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[kav-uh-leer, kav-uh-leer] /ˌkæv əˈlɪər, ˈkæv əˌlɪər/
a horseman, especially a mounted soldier; knight.
one having the spirit or bearing of a knight; a courtly gentleman; gallant.
a man escorting a woman or acting as her partner in dancing.
(initial capital letter) an adherent of Charles I of England in his contest with Parliament.
haughty, disdainful, or supercilious:
an arrogant and cavalier attitude toward others.
offhand or unceremonious:
The very dignified officials were confused by his cavalier manner.
(initial capital letter) of or relating to the Cavaliers.
(initial capital letter) of, relating to, or characteristic of the Cavalier poets or their work.
verb (used without object)
to play the cavalier.
to be haughty or domineering.
Origin of cavalier
1590-1600; < Middle French: horseman, knight < Old Italian cavaliere < Old Provençal < Late Latin caballārius man on horseback, equivalent to Latin caball(us) horse (cf. capercaillie) + -ārius -ary
Related forms
cavalierism, cavalierness, noun
cavalierly, adverb
uncavalier, adjective
uncavalierly, adverb
5. indifferent, offhand, uncaring, thoughtless, condescending. Unabridged
Based on the Random House Dictionary, © Random House, Inc. 2015.
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Examples from the web for cavalierly
  • The idea that they did so cavalierly is not credible.
  • None of you know anything at all about the lives of the people you so cavalierly condemn.
  • We do not overrule our common law cavalierly or without giving considerable thought to the change.
  • Campus police should know better than to cavalierly pepper spray peaceful protestors.
  • Such information must not be cavalierly developed or transmitted.
  • He always cavalierly shrugs it off and says that creating a budget is the job of legislators, and that his job is to cut taxes.
  • We do not overrule our common law cavalierly or without giving considerable thought to this change.
  • But it's been done so cavalierly, on such short notice, with absolutely no process at all that democracy cannot work.
  • The statutory protections cannot be cavalierly cast aside by either the executive or the judicial branch.
British Dictionary definitions for cavalierly


showing haughty disregard; offhand
a gallant or courtly gentleman, esp one acting as a lady's escort
(archaic) a horseman, esp one who is armed
Derived Forms
cavalierly, adverb
Word Origin
C16: from Italian cavaliere, from Old Provençal cavalier, from Late Latin caballārius rider, from caballus horse, of obscure origin


a supporter of Charles I during the English Civil War Compare Roundhead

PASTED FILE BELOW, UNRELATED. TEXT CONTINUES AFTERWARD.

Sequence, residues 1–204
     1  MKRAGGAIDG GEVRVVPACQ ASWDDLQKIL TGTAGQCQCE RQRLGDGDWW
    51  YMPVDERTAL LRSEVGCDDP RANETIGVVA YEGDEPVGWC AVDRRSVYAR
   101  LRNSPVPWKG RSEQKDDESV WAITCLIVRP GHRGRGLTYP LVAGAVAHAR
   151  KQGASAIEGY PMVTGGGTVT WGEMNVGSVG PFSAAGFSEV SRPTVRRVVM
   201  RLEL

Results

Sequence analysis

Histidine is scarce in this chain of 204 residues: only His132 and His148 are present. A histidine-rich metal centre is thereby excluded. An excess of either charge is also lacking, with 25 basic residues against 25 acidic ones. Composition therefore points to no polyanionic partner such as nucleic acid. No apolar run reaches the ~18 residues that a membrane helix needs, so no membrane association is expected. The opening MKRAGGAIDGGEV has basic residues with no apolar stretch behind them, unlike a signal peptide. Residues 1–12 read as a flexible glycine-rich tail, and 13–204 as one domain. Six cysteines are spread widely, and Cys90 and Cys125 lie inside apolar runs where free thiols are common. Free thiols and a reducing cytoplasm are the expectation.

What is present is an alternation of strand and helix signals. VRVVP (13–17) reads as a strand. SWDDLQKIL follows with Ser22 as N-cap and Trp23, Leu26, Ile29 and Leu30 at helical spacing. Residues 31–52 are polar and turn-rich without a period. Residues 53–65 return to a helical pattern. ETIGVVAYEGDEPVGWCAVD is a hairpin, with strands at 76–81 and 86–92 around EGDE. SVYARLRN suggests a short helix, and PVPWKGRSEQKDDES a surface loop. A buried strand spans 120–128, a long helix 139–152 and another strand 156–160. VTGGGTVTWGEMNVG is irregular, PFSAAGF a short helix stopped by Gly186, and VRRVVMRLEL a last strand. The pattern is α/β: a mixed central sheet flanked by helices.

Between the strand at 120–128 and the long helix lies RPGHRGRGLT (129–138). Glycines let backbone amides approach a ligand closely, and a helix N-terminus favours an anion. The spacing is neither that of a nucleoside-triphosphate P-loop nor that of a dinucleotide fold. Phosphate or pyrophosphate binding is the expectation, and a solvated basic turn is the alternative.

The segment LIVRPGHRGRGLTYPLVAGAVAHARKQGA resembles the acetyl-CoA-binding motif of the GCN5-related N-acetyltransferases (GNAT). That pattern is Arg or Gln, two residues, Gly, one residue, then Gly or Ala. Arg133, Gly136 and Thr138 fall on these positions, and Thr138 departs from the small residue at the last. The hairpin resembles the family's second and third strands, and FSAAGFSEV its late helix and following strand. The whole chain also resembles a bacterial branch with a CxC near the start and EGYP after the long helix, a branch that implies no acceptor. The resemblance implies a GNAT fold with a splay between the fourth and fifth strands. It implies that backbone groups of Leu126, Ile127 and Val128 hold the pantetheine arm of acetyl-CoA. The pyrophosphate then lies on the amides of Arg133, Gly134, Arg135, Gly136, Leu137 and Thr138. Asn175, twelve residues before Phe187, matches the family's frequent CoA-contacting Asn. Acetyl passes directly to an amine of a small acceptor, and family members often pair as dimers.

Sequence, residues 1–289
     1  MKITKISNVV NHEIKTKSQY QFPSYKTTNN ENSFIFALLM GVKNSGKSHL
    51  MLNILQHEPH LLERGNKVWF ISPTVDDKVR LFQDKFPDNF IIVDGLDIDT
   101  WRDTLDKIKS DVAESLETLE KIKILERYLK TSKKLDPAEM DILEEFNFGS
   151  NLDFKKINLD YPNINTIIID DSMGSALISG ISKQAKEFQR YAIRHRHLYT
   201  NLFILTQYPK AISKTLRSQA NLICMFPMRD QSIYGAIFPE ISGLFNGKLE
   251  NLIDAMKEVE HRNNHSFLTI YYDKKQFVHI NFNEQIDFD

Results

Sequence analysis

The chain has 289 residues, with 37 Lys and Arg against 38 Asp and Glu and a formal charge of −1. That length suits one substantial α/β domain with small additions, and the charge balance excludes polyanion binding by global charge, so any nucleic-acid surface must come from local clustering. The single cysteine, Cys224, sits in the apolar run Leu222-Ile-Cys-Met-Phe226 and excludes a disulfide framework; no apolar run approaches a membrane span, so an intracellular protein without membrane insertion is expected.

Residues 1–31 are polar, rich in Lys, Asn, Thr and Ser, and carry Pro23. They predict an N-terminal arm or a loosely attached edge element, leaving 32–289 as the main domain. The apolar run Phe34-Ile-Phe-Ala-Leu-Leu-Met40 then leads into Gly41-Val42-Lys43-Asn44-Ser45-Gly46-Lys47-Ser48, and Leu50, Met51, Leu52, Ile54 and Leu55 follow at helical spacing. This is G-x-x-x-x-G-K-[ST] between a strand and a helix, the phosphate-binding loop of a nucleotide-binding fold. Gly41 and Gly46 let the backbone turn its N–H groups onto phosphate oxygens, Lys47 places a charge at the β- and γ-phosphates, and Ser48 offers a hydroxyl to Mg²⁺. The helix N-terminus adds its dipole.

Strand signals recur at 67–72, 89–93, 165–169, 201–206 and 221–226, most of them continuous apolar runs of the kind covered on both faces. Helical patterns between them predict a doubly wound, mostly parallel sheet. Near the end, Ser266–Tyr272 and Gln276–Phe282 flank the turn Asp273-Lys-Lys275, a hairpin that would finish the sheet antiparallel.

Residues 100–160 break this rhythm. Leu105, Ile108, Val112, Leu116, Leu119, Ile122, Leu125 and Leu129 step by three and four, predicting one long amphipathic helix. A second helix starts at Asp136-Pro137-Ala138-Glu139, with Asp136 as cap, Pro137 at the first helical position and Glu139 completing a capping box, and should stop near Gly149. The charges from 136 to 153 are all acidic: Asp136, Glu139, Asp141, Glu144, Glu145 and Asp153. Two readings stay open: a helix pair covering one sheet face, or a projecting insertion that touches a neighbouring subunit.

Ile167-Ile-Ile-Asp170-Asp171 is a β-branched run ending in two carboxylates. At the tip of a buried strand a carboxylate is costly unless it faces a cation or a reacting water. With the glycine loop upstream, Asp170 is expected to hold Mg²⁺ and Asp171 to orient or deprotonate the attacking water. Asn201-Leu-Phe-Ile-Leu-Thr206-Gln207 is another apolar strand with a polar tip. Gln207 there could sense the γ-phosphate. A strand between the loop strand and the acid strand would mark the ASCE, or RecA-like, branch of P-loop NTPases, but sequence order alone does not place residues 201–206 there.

Collins English Dictionary - Complete & Unabridged 2012 Digital Edition
© William Collins Sons & Co. Ltd. 1979, 1986 © HarperCollins
Publishers 1998, 2000, 2003, 2005, 2006, 2007, 2009, 2012
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Word Origin and History for cavalierly



1580s, from Italian cavalliere "mounted soldier, knight; gentleman serving as a lady's escort," from Late Latin caballarius "horseman," from Vulgar Latin caballus, the common Vulgar Latin word for "horse" (and source of Italian cavallo, French cheval, Spanish caballo, Irish capall, Welsh ceffyl), displacing Latin equus (see equine).

Sense advanced in 17c. to "knight," then "courtly gentleman" (but also, pejoratively, "swaggerer"), which led to the adjectival senses, especially "disdainful" (1650s). Meaning "Royalist adherent of Charles I" is from 1641. Meaning "one who devotes himself solely to attendance on a lady" is from 1817, roughly translating Italian cavaliere-servente. In classical Latin caballus was "work horse, pack horse," sometimes, disdainfully, "hack, nag." "Not a native Lat. word (as the second -a- would show), though the source of the borrowing is uncertain" [Tucker]. Perhaps from some Balkan or Anatolian language, and meaning, originally, "gelding." The same source is thought to have yielded Old Church Slavonic kobyla.


"disdainful," 1650s, from cavalier (n.). Earlier it meant "gallant" (1640s). Related: Cavalierly.

Online Etymology Dictionary, © 2010 Douglas Harper
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Slang definitions & phrases for cavalierly



A skillful boxer as distinct from a slugger or caveman (1920s+ Prizefight)

The Dictionary of American Slang, Fourth Edition by Barbara Ann Kipfer, PhD. and Robert L. Chapman, Ph.D.
Copyright (C) 2007 by HarperCollins Publishers.
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